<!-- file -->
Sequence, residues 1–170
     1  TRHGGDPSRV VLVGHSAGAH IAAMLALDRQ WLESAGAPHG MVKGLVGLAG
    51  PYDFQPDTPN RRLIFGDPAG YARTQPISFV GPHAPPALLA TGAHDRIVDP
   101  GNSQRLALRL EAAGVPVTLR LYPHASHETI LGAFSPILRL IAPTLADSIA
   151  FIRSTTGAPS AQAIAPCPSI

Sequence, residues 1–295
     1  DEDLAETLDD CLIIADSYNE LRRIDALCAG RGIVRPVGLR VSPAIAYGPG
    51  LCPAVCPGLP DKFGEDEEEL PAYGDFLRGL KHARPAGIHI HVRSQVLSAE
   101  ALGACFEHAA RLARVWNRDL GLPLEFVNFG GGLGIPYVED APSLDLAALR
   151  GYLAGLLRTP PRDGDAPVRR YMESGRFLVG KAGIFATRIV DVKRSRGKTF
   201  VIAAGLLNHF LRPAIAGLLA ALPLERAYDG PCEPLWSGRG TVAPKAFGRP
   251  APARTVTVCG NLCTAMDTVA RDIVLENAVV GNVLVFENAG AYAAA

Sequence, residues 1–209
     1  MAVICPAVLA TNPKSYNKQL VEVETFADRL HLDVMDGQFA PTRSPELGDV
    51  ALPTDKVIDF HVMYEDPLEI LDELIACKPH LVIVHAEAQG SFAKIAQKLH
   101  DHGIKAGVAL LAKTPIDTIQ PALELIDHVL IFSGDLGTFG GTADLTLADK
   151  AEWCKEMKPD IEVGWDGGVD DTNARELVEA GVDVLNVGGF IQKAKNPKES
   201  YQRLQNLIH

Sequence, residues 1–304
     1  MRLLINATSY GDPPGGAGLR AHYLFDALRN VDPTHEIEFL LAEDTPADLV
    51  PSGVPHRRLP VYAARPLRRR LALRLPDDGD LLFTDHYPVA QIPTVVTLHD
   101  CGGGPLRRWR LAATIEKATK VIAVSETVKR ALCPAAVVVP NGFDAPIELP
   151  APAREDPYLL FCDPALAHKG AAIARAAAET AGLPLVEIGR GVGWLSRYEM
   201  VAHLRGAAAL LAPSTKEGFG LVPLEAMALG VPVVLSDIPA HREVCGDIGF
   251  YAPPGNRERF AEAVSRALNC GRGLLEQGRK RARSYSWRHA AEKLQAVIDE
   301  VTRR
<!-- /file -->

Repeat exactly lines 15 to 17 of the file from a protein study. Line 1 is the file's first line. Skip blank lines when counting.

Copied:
    51  ALPTDKVIDF HVMYEDPLEI LDELIACKPH LVIVHAEAQG SFAKIAQKLH
   101  DHGIKAGVAL LAKTPIDTIQ PALELIDHVL IFSGDLGTFG GTADLTLADK
   151  AEWCKEMKPD IEVGWDGGVD DTNARELVEA GVDVLNVGGF IQKAKNPKES